Asa Hall came from New York to the Roanoke Valley about 1790. He and his brother acquired land on the North Fork of the Roanoke River. The 1831 declaration he made applying for a pension for services in the Revolutionary War illustrates the hard life he facing after moving to Montgomery County. Though his company participated in taking Burgoyne during the war, he had received nothing from the government and had no income except what he derived from his own labor on a poor bit of land amid the steep mountains. The schedule of his meager personal estate was one mare and colt, three cows and two calves, seven head of sheep, and seven head of hogs. (Kegley’s Virginia Frontier: The Beginning of the Southwest, The Roanoke of Colonial Days, by F.B. Kegley)
The Montgomery Museum and Lewis Miller Regional Art Center sponsors a local certificate program that identifies and celebrates the names and stories of Montgomery County, Virginia’s earliest settlers like Asa Hall. These ancestors played a part in the history, culture and growth of our county and thus deserve to be recognized with their names and deeds preserved for the knowledge and understanding of their future descendants.
The program has two levels. Anyone who is a direct descendant of an individual who settled in the area now encompassed by Montgomery County before 1811 is eligible to become a member at the “Intrepid Pioneer” level. Anyone who is a direct descendant of an individual who settled in the area now encompassed by Montgomery County between 1811 and January 1, 1850 is eligible to become a member at the “Settler & Community Builder” level. Application packets are available at the Montgomery Museum and online.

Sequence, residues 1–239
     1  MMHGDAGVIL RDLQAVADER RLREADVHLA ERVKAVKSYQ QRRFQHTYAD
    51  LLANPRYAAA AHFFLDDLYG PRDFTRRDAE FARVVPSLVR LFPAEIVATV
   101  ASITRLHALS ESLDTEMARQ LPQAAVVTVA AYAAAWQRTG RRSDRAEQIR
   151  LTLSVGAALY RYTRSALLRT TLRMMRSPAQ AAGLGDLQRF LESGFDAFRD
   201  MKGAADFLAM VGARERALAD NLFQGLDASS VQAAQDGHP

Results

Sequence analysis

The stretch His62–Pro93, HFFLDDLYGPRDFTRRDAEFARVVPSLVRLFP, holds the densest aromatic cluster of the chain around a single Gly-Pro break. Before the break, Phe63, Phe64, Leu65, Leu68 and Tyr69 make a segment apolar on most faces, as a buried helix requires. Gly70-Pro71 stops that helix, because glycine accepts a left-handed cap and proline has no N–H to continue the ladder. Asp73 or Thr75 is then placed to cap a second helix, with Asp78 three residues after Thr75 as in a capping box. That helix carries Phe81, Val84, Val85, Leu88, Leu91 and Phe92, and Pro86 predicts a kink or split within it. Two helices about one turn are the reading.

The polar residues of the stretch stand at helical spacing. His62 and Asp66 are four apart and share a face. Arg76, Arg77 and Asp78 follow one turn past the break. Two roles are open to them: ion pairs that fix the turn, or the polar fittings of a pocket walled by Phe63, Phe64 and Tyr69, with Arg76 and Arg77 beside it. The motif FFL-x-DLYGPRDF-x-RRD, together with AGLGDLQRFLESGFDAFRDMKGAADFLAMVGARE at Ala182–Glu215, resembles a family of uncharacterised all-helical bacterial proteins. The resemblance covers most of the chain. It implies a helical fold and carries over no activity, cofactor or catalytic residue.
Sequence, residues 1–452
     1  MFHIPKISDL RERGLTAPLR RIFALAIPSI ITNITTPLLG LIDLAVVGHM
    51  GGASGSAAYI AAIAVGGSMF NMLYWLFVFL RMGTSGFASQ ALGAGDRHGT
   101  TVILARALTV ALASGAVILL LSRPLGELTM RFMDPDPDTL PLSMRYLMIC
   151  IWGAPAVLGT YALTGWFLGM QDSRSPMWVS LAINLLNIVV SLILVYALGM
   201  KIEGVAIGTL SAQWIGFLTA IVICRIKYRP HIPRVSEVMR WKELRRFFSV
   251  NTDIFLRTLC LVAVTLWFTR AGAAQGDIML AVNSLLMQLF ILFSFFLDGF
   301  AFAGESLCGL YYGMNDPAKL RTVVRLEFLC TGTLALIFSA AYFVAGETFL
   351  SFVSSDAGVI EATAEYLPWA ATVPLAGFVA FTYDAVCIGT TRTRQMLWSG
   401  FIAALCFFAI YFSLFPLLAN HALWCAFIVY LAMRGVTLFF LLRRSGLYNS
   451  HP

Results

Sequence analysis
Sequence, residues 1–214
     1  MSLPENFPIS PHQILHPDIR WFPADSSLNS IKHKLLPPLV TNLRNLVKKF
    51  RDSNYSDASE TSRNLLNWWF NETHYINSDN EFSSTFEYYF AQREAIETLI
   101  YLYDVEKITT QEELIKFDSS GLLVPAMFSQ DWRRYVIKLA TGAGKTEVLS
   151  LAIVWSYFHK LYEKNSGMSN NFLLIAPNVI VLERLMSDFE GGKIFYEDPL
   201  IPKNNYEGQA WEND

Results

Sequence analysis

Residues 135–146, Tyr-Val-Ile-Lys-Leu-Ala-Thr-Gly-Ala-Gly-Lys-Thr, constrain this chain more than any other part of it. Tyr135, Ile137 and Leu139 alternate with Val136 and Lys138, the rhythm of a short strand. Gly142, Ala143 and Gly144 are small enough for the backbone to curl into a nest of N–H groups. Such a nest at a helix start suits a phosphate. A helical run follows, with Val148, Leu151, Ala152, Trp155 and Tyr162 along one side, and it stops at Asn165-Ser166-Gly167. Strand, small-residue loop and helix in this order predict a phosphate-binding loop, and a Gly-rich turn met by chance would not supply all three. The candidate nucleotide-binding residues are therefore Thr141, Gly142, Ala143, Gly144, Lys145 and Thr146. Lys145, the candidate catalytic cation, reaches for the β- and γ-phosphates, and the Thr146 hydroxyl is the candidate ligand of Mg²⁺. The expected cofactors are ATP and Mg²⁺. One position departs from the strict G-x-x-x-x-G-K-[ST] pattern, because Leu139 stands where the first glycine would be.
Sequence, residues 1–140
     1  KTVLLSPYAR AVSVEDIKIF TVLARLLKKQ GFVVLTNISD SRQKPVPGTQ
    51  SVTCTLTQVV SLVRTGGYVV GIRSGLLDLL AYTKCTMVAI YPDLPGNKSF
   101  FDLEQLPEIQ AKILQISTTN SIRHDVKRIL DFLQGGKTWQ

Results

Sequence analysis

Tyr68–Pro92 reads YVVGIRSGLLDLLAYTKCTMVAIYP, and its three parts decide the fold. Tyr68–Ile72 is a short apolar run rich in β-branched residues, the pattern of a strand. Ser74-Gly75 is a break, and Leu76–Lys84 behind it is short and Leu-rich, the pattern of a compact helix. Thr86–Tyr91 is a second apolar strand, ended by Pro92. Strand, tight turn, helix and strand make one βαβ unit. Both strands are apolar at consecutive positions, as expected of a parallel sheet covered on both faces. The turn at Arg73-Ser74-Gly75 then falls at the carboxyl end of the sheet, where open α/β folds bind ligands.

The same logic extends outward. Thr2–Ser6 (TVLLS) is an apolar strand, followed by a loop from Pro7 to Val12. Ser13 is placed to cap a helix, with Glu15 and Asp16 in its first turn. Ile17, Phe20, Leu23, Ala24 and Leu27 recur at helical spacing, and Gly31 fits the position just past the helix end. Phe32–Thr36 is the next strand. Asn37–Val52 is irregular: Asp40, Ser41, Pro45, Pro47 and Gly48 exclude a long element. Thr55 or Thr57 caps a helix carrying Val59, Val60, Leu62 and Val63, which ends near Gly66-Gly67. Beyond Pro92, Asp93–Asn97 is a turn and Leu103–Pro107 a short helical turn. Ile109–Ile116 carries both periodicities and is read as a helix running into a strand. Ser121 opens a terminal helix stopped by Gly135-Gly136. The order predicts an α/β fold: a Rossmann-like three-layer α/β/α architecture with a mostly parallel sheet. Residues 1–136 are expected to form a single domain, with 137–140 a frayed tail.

This fall, the museum will be holding a ceremony to award certificates to all of those who have submitted successful applications. The applicant’s name and the name of their ancestor will also be mounted on a plaque that will be hung in the research library of the museum.
A copy of each application and the documentation produced to verify the line of descent will be kept at the museum. If an ancestor has already been accepted into the Earliest Settler program, future applicants will only have to prove descent up to the verified information.
Some of the Earliest Settlers approved to date include: Heinrich Rupe, Peter Clines, Emerich Altizer, Henry Linkous, Jacob Shell, David Wade, William Wade, John Phillip Harless II, Henry D. Price, Abraham Honaker and Asa Hall.